The drive toward an interior space is contrasted by other poems that move almost cinematically through an exterior pastoral world. Images of trees, leaves, sunlight, insects, and the presence of other animals exist in these poems to clarify time into a tangible present. Yet the poems are both entranced by and skeptical of the natural world. The recurring seasons and their seeming beauty testify simultaneously of continuity and inevitable death. The poem “Red Feather” elucidates the former idea: “The owl / blinks its glass eyes / in a tree. Sometimes I think the red feather’s / the word is.” Likewise, in “Moment” the juxtaposition of singular images gives a nod to the pastoral hope of cheating time through recurring common events: “Years. It was cold. You wore / red mittens…/ Summer. The late light / upon us. Blue coppers, just hatched….” Yet it ends with a sense of oblivion: “... then you are sent to a country of nameless people / where there is no time.”
There are two poems in which a brutal death coincides with images of the natural world that convey continuity. “Pastoral” defies the connotation of that word by referring to the rape and murder of a young girl whose body is found beneath an elm, “A balloon, red, was tied, bobbing from a limb / above her.” The childish image of the balloon in the tree and the reference to growing grass create a haunting contrast to the girl’s life cut short. In a poem about Matthew Shepherd, “Shoes,” Irwin places the image of people leaving “their offices and homes in that quaint / mountain town” next to the image of Shepherd: “He was tied, naked to a fence, then beaten.” Here it is the continuity of the sky that creates a brief, if inadequate, refuge.
In poems such as “In Winter,” Irwin plays more gently with notion that time and death stalk the pastoral. The former poem describes the lives of two widows. One husband is memorialized through the simple gesture of tracing a map, the other as his widow hangs bedsheets in which he died out to dry. The speaker acts as conduit between these women and their dead husbands. When he helps the one widow hang the sheets, their hands accidentally touch and for that moment, he breaks the loss that time awards through death.
Large White House Speaking is divided into four sections and while there are poems focused on memories, they never settle into nostalgia. Instead, there is a restlessness that indicates it is not enough to restore the memory and the people within it. Instead, these poems explore how language unlocks memory to fulfill a desire for the sensuality of those lost moments. It is that desire that compels so many of the poems and creates the deft metamorphoses the reader encounters in seeking lost sensations. Often, after several transformed images, the only result is untranslatable sound. This happens in “The Mirror in my Parents’ Room” in which the mirror has trapped within its silver, the Milky Way’s “phosphorescent, streaming light” which hums “infant sounds.” “Ars Poetica” conveys an unsatisfied hunger for the sensations of words,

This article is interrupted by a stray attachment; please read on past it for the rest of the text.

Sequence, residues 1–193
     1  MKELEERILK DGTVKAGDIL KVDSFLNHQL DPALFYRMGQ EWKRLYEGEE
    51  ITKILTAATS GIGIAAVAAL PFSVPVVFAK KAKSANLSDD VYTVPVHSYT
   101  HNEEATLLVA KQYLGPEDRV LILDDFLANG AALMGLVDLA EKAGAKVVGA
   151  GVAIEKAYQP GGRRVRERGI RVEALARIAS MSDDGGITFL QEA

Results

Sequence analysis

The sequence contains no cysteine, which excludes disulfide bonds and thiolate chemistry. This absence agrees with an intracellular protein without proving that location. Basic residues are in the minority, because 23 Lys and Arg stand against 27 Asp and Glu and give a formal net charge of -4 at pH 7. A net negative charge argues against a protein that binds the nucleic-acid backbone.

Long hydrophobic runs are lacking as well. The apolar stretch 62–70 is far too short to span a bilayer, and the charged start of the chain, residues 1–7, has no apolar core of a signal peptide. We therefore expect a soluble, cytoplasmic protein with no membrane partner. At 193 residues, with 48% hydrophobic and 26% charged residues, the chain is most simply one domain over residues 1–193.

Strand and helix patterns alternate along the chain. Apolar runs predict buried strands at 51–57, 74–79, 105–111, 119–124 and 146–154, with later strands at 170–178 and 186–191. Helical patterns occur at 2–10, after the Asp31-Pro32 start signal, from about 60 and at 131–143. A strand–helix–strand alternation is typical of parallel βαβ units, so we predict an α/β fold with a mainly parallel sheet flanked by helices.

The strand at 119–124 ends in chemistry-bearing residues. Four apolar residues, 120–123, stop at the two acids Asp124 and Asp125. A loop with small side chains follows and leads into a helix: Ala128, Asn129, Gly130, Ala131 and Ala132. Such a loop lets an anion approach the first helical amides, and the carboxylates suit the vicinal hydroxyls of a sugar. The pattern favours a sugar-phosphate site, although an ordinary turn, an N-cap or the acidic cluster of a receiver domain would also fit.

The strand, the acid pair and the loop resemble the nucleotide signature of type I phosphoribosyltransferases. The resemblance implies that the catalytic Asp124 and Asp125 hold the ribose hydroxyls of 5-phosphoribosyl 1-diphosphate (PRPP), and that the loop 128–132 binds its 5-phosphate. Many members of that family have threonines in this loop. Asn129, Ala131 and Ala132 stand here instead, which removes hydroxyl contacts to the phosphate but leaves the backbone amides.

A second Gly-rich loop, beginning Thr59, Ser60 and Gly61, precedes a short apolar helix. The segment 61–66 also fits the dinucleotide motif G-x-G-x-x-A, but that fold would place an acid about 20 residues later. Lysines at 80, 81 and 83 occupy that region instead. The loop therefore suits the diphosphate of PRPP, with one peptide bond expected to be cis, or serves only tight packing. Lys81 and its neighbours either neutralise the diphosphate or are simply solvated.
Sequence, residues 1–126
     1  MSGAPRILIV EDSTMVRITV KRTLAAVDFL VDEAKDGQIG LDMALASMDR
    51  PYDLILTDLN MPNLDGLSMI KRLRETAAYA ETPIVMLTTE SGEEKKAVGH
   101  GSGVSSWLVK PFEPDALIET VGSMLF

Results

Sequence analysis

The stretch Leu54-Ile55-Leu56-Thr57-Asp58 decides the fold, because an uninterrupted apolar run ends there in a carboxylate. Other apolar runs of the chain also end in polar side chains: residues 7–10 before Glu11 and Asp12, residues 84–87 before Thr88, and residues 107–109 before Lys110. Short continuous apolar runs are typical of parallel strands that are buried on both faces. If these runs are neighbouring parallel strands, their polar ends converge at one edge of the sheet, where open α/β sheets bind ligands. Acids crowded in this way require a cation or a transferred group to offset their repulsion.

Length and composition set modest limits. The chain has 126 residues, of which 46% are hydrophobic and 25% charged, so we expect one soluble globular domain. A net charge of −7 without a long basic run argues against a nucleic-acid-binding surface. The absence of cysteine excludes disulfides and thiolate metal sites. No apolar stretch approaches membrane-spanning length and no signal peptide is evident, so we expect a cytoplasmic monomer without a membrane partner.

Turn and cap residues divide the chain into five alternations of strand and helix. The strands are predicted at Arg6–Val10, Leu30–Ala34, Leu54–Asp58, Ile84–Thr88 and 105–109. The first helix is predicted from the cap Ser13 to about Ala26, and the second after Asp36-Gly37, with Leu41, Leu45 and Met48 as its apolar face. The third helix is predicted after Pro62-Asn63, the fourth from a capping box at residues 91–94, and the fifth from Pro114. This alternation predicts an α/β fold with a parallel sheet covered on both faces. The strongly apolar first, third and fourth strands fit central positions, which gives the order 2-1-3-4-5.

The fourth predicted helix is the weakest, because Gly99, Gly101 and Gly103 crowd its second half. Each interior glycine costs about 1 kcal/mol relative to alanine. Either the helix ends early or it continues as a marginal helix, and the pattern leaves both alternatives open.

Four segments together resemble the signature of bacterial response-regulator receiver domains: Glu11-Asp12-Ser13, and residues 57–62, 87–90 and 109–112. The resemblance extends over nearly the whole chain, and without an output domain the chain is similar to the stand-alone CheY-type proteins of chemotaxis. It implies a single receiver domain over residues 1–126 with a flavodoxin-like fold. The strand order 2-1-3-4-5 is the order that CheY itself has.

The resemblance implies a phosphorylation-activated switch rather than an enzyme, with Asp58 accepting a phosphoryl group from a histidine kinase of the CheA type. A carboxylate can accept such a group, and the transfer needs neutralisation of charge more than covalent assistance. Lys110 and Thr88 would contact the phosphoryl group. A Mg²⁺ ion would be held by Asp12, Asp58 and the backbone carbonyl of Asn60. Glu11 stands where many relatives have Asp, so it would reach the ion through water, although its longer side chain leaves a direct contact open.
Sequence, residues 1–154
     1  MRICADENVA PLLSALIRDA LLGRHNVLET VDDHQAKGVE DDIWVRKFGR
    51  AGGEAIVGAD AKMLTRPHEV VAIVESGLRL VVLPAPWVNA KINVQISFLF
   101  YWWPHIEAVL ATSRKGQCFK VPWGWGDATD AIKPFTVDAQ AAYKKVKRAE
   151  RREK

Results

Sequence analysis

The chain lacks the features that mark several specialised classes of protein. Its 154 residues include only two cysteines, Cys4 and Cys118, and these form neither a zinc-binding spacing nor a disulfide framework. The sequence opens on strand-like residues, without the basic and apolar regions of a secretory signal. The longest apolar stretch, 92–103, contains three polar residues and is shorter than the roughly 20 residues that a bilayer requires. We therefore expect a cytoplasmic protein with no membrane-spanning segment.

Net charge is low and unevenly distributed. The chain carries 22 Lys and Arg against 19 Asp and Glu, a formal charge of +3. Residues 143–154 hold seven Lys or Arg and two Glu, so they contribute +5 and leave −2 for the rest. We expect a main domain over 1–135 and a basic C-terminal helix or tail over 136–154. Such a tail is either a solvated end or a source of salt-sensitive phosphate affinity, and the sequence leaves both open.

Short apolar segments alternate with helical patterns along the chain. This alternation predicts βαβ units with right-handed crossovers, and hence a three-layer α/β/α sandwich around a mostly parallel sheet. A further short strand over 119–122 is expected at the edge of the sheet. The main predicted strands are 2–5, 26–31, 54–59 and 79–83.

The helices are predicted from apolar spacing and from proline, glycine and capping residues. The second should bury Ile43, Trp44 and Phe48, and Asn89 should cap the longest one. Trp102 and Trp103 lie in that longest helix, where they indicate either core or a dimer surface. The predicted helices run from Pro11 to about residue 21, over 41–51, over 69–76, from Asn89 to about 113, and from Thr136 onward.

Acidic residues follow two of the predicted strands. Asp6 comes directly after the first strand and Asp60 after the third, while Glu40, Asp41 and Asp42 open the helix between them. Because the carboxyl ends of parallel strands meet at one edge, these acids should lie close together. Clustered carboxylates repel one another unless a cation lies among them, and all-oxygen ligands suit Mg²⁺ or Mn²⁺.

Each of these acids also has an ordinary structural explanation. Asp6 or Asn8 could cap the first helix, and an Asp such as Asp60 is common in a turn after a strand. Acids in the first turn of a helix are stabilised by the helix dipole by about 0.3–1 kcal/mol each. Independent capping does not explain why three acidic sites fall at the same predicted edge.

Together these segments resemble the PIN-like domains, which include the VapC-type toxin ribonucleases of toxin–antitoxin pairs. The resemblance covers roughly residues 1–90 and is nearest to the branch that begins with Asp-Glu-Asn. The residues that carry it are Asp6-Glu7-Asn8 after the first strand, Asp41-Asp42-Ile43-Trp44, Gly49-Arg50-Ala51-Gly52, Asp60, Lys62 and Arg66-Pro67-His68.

So many words I put
together, pushing them along their way, packing them
with light, loss, smells, tastes
silence, seasons, and the lost
seasons of an hour
The speaker responds to this hunger with a desire to “unwrap the cellophane from what we mean.”
The complexity of these poems is a pleasure as is the thematic insistence that pushes toward an elemental space. To focus on sound as being the doorway to that space creates unusual relationships between the words and their context. The sense is that if Irwin could shake these words from their context he would detect the heart that beats inside the letters. When he comes close to doing this, there is almost a euphoria at the discovery, as in the final lines of “Survey”:
And there are those, who, almost
after a lifetime, only listen.What
ushers us through the years? Yellow leaves
swirl past a stop sign. It is
a ringing you/can feel.